It was once one of the biggest names on the high street, but talk has turned to how BHS’s administration will impact locations across the UK.
As revealed by Retail Week last Friday, the embattled department store group was teetering on the brink and ultimately plunged into administration this morning after rescue talks failed, throwing the future of its 164 shops – and 11,000 employees – into doubt.
High streets and shopping centres up and down the country will today be contemplating life without the 88-year-old business, while landlords begin to think about alternative uses for BHS’s huge units.
But while that presents a problem on paper, experts believe the possible death of one of UK retail’s biggest names could actually breathe new life into the Great British high street. Ironically this is something BHS boss Darren Topp called for help in achieving when he spoke at Retail Week Live just weeks ago, when he urged local authorities, central Government and retailers to work together to boost high streets.
BHS’s problems have been well-documented. The business has been loss-making for seven consecutive years, it was sold by Sir Philip Green for the nominal sum of £1 to Retail Acquisitions a year ago and last month it entered into a Company Voluntary Arrangement (CVA) to reduce the rents on its stores.
Bearing in mind such a turbulent recent past and problematic present, is it time for BHS to bow out and make way for more relevant retailers?
Simon Morris, director at retail property consultancy GCW, believes “many” towns and cities would benefit from BHS’s demise.
“There’s still a shortage of stock for large space occupiers because there’s not been an enormous development pipeline like there was pre-2010,” Morris says.
“BHS is an old fuddy-duddy fascia which isn’t really dragging people to the high street in the same way an H&M would.
“If it will improve retail locations, by having new vibrant brands in, that’s got to be positive.”
“This offers, in many locations, the opportunity to take these units and use them for more current and viable retail operations.”
Diane Wehrle, Springboard
“This offers, in many locations, the opportunity to take these units and use them for more current and viable retail operations, either a big anchor store or break them up into smaller units to have new retailers coming through onto the high street,” Wehrle suggests.
“It can breathe life into a number of high streets that are currently weighed down by old retail propositions such as BHS.
“Places like Mansfield have a BHS, which is a clearly historic occupation. Mansfield is now competing against Leicester, Derby, Nottingham – all of which have had either development of new retail or are looking at increasing their retail offer.
“To have a retailer that is not trading well within your high street doesn’t benefit Mansfield. If that store can then be transferred into another use, that would be great. The risk in somewhere like Mansfield is that there will be no takers for the store because it possibly has so much competition that it is not regarded by retailers as a viable location.”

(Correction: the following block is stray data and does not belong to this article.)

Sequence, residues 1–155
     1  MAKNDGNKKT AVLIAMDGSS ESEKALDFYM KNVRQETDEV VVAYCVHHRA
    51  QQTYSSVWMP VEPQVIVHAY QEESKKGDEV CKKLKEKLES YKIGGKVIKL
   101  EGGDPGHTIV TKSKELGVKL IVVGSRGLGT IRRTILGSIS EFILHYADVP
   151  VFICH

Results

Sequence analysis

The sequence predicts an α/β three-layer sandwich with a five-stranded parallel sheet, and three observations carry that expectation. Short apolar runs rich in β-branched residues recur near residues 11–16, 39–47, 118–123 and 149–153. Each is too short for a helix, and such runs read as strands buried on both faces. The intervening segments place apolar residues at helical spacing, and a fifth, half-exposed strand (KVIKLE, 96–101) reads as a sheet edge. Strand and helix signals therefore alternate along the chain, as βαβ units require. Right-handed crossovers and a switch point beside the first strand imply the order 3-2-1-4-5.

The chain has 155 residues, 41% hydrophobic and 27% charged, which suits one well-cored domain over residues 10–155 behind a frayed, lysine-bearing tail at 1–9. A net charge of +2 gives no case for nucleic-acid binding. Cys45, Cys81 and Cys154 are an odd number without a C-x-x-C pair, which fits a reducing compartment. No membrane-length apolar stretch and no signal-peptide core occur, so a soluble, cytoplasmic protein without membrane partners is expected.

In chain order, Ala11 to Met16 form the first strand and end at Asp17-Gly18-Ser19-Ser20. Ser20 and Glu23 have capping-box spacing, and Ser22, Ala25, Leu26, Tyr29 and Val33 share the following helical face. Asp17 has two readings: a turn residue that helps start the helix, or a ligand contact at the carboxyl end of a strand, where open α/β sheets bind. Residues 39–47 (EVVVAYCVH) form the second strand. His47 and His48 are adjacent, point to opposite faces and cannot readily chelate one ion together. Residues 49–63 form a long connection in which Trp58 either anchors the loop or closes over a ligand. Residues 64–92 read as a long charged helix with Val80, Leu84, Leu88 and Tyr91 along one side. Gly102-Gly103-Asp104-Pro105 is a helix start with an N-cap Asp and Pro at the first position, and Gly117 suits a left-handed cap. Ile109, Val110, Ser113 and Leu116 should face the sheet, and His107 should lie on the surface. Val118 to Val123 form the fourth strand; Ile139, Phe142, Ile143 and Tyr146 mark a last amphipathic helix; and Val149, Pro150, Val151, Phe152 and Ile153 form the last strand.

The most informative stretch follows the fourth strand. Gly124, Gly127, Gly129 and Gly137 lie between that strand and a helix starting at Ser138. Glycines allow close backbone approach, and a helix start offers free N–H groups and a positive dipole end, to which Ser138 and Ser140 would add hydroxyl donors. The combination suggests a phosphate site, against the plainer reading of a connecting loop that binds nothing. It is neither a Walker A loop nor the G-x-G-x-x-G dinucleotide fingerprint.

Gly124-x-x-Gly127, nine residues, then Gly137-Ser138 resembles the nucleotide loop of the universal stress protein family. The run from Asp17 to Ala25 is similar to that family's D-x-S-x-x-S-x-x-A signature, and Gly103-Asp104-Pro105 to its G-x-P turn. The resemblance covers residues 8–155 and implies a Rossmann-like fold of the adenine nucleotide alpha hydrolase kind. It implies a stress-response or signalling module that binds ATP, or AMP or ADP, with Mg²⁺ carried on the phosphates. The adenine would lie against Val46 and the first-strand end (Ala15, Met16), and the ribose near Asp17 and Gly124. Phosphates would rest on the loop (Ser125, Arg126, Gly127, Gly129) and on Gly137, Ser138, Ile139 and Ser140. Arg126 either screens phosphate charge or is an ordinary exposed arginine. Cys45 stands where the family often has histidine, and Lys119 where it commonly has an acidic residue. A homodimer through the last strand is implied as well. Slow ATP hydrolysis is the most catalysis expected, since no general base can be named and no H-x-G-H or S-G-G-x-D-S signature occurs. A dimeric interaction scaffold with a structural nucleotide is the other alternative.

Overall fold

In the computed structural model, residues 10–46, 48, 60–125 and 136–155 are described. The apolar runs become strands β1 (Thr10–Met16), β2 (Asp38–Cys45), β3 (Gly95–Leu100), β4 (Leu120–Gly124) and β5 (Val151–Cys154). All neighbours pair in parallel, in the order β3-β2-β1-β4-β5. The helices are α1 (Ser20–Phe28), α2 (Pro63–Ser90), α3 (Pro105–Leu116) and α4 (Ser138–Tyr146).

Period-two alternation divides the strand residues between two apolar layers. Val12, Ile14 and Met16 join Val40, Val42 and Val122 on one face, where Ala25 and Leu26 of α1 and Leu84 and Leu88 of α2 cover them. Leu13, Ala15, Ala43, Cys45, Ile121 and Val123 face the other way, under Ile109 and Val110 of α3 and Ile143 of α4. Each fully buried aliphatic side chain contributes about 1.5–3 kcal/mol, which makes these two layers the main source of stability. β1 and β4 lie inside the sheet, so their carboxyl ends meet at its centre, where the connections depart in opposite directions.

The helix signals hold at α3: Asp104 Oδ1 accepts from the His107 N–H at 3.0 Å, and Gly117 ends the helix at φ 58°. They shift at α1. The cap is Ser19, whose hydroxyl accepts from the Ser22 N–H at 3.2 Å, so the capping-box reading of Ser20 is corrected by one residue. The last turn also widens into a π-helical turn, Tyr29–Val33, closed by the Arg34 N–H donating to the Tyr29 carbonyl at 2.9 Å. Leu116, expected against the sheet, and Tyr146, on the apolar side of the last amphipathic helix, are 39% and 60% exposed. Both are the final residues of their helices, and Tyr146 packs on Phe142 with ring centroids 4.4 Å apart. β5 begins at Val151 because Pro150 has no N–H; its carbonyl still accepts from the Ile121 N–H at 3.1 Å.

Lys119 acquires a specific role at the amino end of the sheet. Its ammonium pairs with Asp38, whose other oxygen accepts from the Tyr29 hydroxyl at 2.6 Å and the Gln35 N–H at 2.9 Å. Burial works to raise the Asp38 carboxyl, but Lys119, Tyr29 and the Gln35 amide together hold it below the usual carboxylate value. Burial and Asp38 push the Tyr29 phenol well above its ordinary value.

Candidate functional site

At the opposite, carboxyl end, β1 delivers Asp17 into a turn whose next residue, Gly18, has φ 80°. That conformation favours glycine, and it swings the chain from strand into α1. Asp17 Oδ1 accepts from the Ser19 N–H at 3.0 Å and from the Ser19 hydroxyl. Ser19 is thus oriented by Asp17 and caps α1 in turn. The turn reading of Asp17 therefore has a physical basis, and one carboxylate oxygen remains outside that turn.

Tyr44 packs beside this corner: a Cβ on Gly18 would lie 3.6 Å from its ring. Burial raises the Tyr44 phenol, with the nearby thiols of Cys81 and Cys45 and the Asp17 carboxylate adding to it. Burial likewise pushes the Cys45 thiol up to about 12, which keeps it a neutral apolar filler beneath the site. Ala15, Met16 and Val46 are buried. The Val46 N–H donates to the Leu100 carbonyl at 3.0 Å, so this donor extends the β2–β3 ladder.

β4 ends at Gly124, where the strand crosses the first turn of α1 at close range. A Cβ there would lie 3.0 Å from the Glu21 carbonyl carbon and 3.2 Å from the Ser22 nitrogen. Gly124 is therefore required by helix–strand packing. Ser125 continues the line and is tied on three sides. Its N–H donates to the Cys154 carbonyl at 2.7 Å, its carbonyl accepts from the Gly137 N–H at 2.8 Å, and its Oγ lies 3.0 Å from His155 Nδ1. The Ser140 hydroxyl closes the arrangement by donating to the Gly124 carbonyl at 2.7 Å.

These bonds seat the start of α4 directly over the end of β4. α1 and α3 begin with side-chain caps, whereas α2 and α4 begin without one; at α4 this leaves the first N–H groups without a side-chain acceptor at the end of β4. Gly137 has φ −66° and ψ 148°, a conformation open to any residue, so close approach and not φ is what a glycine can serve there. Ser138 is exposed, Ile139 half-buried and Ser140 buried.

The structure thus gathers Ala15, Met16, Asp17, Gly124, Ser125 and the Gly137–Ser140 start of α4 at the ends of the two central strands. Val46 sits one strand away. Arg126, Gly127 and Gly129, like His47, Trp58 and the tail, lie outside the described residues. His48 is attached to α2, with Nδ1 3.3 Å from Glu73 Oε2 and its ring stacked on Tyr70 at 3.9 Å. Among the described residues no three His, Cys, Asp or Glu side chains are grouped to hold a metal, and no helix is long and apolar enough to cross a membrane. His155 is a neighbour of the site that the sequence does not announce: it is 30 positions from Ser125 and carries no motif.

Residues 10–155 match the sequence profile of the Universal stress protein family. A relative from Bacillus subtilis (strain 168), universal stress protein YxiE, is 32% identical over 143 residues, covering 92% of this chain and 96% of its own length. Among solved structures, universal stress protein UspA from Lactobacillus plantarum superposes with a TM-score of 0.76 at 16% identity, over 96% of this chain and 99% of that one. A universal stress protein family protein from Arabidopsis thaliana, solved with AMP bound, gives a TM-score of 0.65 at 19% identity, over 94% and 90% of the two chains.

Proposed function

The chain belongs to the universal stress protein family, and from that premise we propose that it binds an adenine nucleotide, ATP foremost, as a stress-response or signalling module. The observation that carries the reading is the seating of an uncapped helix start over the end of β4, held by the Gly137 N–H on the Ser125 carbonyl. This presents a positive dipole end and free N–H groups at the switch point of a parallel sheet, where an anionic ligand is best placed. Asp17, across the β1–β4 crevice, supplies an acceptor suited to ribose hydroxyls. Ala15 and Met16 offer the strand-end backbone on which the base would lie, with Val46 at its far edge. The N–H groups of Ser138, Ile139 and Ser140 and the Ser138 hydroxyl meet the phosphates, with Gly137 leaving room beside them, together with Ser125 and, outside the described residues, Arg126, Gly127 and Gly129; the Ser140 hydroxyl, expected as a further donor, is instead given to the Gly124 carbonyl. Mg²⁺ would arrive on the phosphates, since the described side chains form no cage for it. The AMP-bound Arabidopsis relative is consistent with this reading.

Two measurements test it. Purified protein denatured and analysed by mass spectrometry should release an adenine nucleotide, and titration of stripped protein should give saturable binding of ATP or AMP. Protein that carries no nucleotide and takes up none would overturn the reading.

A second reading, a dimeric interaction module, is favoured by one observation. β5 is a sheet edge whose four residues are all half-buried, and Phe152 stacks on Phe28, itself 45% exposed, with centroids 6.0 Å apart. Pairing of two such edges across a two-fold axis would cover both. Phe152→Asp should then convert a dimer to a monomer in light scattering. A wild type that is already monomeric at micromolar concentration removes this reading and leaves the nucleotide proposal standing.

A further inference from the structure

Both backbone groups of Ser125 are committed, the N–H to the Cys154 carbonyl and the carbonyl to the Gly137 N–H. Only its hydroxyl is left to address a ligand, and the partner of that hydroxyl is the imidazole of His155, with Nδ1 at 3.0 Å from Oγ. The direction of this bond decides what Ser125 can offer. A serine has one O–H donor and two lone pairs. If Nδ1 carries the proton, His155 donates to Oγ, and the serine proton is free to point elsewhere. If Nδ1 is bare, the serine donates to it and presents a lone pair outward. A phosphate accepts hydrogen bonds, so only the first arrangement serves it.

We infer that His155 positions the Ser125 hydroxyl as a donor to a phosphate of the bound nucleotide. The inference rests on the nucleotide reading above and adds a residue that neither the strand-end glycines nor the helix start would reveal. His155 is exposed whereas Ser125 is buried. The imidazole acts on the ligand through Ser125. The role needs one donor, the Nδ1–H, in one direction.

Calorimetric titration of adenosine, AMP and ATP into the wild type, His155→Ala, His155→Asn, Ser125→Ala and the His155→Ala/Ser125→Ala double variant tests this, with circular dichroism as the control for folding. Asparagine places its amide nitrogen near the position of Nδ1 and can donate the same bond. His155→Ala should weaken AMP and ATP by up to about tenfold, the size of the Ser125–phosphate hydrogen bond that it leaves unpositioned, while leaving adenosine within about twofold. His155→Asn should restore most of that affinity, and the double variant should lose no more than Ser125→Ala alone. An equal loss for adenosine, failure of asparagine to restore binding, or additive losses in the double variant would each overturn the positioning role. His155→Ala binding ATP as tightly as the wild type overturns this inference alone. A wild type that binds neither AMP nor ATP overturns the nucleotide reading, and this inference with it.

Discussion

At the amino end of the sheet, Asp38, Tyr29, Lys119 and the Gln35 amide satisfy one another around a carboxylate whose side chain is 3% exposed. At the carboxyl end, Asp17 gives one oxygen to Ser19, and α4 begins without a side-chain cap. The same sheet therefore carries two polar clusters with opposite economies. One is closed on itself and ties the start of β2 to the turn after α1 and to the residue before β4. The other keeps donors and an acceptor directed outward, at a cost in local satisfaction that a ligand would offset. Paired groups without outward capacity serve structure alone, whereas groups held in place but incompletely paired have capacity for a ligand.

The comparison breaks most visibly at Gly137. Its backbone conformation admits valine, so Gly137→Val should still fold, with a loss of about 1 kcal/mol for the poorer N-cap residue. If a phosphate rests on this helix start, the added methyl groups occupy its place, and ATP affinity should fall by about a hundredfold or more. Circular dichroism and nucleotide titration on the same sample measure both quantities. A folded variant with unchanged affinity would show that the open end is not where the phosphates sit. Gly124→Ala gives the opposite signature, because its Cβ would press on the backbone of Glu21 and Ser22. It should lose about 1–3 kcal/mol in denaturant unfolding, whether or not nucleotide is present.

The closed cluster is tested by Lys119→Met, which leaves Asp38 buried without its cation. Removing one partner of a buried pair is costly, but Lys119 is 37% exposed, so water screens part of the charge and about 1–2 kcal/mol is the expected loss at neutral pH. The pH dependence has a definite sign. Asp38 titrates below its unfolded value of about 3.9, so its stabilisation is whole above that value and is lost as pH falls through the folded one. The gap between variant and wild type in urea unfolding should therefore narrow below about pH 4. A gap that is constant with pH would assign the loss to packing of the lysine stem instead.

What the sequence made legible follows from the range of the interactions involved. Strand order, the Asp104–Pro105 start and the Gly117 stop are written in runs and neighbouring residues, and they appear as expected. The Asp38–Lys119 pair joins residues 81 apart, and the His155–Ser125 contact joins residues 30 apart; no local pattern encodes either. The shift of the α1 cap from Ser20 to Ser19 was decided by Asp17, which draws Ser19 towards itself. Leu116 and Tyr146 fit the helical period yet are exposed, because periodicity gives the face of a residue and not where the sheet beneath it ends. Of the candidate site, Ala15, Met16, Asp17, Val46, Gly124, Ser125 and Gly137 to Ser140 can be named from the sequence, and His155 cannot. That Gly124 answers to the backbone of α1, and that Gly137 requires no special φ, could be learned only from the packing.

Morris and Wehrle suggest that M&S stands to be the main beneficiary from BHS’s potential disappearance from the high street, due to its similar price points and target customer, while the own-label clothing ranges of supermarket giants Tesco and Sainsbury’s could also receive a boost.
“This will simply push trading back to their branded stores,” Wehrle suggests. “In large part, those concessions are an historic trading characteristic of when it was owned by Sir Philip Green.
“Apart from someone like Claire’s, I don’t think there was any strategic entry into BHS. They were just a hangover from the old trading proposition. By the very nature of the fact that people aren’t shopping in BHS, that indicates that they aren’t hugely successful concessions.”
High streets may be looking forward to a brighter future without a BHS presence, but the impact on landlords appears less cut and dried.
According to the CVA document BHS proposed in March, creditors stood to lose up to £1.3bn if the department store chain collapsed – with store landlords bearing the brunt of that unpaid debt.
But in the longer term, landlords could find themselves better off by bringing more successful retailers into their properties.
“All change creates opportunity,” Cushman & Wakefield’s head of UK and European retail Justin Taylor insists.
“Landlords will have seen this looming and given consideration about utilising this retail space and how new approaches can breathe life into shopping centres and high streets in need of reinvigoration.”
But Morris suggests the response would be “mixed”, adding: “There will be an element of definite frustration in terms of landlords thinking: ‘Was the CVA just totally unnecessary and why did we go through it?’
“It will be good news for some, bad news for others because some stores will be going backwards on rent at a fairly fast pace.
“There will be a third group of landlords in the middle who are shrugging their shoulders because someone like Sports Direct can pick up the stores and move them forward on the existing rental terms.
“In some instances, landlords will undoubtedly get better terms – it just might cost them to do it in terms of redeveloping the stores to suit retailers’ requirements.
“It won’t happen across the board, but there will definitely be instances where some landlords will get improved terms.”
Although the BHS-shaped storm clouds are gathering on a dark day for the retail industry, many high streets, shopping centres and landlords across the UK could find themselves benefiting from a silver lining in the years to come.